39. In 1995, Hayao Miyazaki directed a cyberpunk shortfilm for a rock song after having writer’s block. He purposely misinterpreted the lyrics to make the video cryptic to evoke creative interpretations among viewers. SciFi writers and magazines called it “the most perfect short science fantasy film.”

40. Sir David Mathew was a Welsh knight who stood at 6’8” (2.03m). At the age of 60 he saved the life of Edward IV at the largest and bloodiest battle ever fought on British soil (the battle of Towton 1461). He died at the age of 84 in an ‘altercation.’

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41 Twister


The first movie ever released on DVD was Twister.

42. The story of the Chernobyl power plant didn’t end with the tragedy of 1986. There was actually a second fire that broke out on Reactor 2 in 1991, and it wasn’t until 2000 that the last operating reactor was fully shut down.

43. After John Wilkes Booth assassinated Abraham Lincoln by shooting him the back of the head, the largest manhunt in US history, involving thousands of troops and countless civilians, tracked him down to a barn. As he attempted to escape, Sergeant Boston Corbett killed Booth by shooting him in the back of the head.

44. A hotel in Japan named Nishiyama Onsen Keiunkan has been running for over 1300 years, ever since it started operating in 705 A.D. It has been open and owned by over 52 generations of the same family, which still operates it today.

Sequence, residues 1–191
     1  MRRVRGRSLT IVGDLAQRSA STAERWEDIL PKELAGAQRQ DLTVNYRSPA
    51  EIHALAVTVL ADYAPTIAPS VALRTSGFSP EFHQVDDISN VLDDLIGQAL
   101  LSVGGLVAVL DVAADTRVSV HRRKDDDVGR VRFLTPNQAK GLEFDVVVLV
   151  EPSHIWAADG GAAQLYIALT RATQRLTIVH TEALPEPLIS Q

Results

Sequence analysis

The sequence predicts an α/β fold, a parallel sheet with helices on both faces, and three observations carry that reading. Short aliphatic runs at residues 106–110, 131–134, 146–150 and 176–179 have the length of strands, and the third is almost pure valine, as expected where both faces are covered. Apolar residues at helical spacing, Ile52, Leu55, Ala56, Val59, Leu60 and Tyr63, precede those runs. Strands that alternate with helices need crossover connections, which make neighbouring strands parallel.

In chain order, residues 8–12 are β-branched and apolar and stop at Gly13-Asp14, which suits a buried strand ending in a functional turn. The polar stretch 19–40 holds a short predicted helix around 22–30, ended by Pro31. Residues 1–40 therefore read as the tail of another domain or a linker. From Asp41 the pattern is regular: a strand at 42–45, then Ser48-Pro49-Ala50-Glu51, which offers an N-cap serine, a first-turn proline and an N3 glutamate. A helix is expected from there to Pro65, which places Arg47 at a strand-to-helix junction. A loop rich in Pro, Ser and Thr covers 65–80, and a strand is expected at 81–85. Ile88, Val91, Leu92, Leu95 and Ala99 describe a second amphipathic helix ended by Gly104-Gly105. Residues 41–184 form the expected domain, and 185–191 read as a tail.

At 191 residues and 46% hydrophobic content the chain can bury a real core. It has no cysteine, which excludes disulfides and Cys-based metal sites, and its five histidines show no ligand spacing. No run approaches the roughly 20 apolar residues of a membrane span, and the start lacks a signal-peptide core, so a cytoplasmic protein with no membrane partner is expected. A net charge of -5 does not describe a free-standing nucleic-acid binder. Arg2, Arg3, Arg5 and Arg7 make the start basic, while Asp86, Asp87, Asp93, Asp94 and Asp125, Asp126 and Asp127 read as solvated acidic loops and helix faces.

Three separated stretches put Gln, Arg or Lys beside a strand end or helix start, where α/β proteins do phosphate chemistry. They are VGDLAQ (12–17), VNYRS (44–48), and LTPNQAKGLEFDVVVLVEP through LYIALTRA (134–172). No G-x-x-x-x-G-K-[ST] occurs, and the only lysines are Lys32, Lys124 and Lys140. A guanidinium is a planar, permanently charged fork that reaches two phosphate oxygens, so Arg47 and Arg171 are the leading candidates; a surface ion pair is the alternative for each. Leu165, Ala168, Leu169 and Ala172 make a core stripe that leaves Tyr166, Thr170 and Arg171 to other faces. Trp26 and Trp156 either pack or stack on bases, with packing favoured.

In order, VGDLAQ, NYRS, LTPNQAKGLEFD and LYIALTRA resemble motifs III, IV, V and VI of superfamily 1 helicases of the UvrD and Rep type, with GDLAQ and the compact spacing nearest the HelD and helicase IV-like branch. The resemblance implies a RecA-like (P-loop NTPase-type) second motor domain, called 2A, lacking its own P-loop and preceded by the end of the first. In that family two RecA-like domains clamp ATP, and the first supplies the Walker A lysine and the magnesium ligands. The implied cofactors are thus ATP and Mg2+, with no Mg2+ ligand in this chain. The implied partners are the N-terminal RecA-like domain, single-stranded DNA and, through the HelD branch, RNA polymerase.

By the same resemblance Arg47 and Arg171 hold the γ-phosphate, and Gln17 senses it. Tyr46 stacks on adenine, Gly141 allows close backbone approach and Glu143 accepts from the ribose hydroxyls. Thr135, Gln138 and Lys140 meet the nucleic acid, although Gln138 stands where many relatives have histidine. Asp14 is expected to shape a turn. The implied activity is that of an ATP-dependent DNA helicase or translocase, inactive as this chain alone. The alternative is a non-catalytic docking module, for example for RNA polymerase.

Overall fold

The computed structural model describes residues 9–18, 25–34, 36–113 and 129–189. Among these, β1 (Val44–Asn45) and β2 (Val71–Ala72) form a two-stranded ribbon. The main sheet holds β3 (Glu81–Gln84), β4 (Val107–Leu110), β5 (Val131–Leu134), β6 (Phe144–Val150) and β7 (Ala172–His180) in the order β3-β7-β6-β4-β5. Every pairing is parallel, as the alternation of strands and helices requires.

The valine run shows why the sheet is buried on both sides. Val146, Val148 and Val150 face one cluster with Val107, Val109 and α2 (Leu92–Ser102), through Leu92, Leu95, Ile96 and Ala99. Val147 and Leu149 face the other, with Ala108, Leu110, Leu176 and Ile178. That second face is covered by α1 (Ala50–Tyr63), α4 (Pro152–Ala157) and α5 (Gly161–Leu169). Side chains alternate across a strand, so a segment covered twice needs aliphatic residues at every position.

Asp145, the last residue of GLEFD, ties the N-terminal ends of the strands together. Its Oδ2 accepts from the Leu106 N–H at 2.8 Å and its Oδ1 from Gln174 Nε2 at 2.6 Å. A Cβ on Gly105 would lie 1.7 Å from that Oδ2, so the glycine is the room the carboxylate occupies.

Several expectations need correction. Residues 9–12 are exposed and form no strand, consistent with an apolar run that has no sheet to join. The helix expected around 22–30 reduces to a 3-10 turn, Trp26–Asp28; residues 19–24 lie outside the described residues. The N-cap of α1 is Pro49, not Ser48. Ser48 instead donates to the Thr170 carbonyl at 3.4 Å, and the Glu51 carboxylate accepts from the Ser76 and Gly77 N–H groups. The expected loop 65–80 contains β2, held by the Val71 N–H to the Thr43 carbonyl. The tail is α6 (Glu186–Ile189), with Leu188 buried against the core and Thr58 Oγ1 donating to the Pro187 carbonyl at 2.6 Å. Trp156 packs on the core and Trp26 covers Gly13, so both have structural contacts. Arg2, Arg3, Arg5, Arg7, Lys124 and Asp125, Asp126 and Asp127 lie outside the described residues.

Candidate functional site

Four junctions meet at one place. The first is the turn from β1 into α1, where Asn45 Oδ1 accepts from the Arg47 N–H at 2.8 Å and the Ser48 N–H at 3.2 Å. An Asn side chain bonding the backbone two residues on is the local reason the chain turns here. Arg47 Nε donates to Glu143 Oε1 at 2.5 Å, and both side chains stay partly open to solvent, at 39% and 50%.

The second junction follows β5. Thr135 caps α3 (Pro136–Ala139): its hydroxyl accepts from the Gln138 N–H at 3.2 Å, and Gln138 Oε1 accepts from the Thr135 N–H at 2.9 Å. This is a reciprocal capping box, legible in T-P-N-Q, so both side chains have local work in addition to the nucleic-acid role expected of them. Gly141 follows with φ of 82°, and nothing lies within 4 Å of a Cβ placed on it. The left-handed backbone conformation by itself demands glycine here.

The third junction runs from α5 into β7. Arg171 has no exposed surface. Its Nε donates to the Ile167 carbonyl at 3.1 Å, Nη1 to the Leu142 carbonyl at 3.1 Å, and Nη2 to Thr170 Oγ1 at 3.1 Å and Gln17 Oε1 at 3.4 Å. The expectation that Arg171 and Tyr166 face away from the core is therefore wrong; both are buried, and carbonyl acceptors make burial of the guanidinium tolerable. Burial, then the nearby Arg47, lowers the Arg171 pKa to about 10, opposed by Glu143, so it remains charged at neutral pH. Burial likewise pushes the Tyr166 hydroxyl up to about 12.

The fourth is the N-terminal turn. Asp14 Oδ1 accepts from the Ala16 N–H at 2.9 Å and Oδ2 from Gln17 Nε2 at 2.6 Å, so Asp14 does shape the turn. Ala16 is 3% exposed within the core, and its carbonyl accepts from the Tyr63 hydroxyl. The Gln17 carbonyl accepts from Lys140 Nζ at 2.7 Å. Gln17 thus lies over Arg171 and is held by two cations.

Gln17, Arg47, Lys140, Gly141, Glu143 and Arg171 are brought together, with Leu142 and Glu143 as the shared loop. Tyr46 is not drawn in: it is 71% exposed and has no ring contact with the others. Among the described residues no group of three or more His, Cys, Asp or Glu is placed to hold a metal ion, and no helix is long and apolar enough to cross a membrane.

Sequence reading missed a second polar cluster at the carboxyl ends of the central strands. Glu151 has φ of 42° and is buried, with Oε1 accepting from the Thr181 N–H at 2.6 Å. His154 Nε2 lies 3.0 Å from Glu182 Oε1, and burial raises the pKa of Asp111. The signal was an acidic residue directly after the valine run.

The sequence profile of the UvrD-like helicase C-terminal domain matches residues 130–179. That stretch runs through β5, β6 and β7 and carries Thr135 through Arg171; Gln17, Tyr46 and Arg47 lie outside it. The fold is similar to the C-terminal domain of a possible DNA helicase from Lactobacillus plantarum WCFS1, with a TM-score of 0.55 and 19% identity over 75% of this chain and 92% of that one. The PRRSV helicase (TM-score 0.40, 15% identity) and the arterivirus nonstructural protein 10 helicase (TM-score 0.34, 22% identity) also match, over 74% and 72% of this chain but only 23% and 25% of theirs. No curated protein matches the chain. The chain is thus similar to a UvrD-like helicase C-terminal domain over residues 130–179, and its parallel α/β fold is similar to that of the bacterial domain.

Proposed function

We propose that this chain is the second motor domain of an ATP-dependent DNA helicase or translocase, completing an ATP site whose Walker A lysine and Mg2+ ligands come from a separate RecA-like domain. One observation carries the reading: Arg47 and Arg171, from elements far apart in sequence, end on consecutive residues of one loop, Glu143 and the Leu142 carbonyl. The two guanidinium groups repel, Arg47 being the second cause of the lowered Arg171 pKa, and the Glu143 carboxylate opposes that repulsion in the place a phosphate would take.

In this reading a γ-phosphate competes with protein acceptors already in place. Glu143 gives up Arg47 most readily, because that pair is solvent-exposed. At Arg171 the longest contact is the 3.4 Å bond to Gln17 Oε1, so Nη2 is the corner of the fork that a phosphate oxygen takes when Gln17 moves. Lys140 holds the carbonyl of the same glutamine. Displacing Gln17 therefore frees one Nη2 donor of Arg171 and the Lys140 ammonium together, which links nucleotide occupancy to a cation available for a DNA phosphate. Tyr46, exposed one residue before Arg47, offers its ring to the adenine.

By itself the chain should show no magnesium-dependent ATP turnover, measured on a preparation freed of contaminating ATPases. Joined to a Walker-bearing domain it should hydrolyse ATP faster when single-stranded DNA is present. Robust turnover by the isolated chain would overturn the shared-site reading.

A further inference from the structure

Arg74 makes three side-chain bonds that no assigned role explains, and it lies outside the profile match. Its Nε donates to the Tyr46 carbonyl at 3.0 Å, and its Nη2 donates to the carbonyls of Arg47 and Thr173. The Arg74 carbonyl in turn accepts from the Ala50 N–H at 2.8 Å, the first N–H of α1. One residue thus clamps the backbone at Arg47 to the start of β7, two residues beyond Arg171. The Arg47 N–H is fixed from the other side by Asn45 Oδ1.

45. Bebop legend Dizzy Gillespie ran for president in 1964. Though it started as a joke, he kept it up in part because proceeds from his campaign merchandise went to Congress of Racial Equality (CORE), the Southern Christian Leadership Conference, and Dr. Martin Luther King, Jr.

15 Most Controversial & Costly Blunders in History

46 Dragonfly


A dragonfly can live for 5 years but only develops wings in the last 2-4 months of its life. During its second stage of life, the nymph lives a water-bound existence where it molts (sheds skin) up to 12 times before developing wings.

47. Saving data to an SSD, RAM, flash memory, etc. increases its weight by an extremely small amount. One calculation states that 1GB of flash memory completely filled with 1s weighs something like 729 femtograms more than the same memory filled with zeros.

48. Predatory dragonflies the size of modern seagulls were present on the earth about 300 million years ago. The leading theory suggests that their large size was due to high oxygen concentrations (over 30% unlike the 21% today) in the atmosphere.

49. Dorothy Levitt was one of the first British female racing drivers. In her column for women, she advised women on a car to buy, how to dress while driving, and items to bring, including gloves, an extra handkerchief, a clean veil, a powder-puff, hair-pins, a hand mirror, chocolates, and a gun.

50. Queen Victoria’s engagement ring was shaped like a serpent. Prince Albert designed the ring by himself. During this time, serpents were a popular symbol of love. They are also an ancient Roman symbol for everlasting love.